• They work in many industries. Some of the main industries are: Health Care and Social Assistance; Public Administration and Safety; and No other main Industry.
    • Part-time work is fairly common, but more than half work full-time. Full-time workers, on average, work 40.5 hours per week.
    • The workforce is fairly mature. The average age is 57 years (compared to 40 for all careers) and around 7 in 10 workers are aged 45 years or older.
    • Around 1 in 2 workers are male.
    • In 2016, the unemployment rate was below average.

    Employment Outlook

    Number of Workers

    Source: ABS Labour Force Survey, Department of Employment trend data to November 2015 and Department of Employment projections to 2020.
    YearEmployment Level
    20052200
    20061600
    20073500
    2008900
    2009700
    20102600
    20112800
    20123100
    20132000
    20144100
    20155100
    20205700

    Weekly Earnings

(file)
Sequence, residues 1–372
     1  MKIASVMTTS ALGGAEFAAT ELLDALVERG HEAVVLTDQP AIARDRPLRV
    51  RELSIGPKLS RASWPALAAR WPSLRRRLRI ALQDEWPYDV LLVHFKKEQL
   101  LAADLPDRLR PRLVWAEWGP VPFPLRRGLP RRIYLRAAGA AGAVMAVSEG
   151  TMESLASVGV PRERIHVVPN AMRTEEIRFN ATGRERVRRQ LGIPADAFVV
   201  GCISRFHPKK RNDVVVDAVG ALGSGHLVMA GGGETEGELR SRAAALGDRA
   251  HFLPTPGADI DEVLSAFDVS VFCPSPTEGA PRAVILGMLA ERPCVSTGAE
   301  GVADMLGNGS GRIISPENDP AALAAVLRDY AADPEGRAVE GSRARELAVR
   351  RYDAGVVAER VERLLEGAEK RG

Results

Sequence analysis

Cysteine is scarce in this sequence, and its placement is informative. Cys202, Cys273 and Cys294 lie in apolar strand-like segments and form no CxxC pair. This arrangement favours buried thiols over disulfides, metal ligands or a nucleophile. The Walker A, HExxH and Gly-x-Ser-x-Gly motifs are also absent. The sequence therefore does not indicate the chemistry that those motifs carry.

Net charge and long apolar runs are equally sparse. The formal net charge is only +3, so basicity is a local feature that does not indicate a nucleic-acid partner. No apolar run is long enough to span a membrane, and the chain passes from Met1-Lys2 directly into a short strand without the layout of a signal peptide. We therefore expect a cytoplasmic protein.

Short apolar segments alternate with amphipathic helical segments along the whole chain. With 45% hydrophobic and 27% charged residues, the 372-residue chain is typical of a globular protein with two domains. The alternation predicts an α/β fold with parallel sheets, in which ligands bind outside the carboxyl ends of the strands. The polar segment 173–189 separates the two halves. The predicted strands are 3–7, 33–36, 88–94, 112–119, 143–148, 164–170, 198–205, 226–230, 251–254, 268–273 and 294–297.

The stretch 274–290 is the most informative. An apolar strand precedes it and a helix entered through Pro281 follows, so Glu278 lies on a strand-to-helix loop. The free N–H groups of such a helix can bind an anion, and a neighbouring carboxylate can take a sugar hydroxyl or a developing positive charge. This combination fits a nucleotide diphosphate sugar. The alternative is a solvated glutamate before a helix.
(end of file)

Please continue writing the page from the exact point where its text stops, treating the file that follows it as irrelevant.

Full-time Earnings

    All Careers Average

    Weekly Earnings (before tax)

    Source: ABS Characteristics of Employment survey, August 2015 cat. no. 6333.0. Median earnings are before tax and do not include superannuation. These figures should be used as a guide only, not to determine a wage rate.
    EarningsPsychiatristsAll Jobs Average
    Full-Time Earningsn/an/a

    Hours

    Weekly Hours Worked

    Source: Based on ABS Labour Force Survey, annual average 2016.
    CategoryPsychiatristsAll Jobs Average
    Full-time75.069
    Part-time25.030.8
    Average Weekly Hours (full-time)38.540.2

    Main Industries

    Top Industries

    Main Employing Industries (% share)

    Source: Based on ABS Labour Force Survey, annual average 2016. Industries are based on the Australian and New Zealand Standard Industrial Classification (ANZSIC 06).
    Main Employing IndustriesIndustry (% share)
    Health Care and Social Assistance89.3
    Public Administration and Safety10.7

    States and Territories

    • NSW

    • VIC

    • QLD

    • SA

    • TAS

    • NT

    • ACT

    Employment by State and Territory (% share)

    Source: Based on ABS Labour Force Survey, annual average 2016.
    StatePsychiatristsAll Jobs Average
    NSW14.131.8
    VIC19.125.5
    QLD53.919.8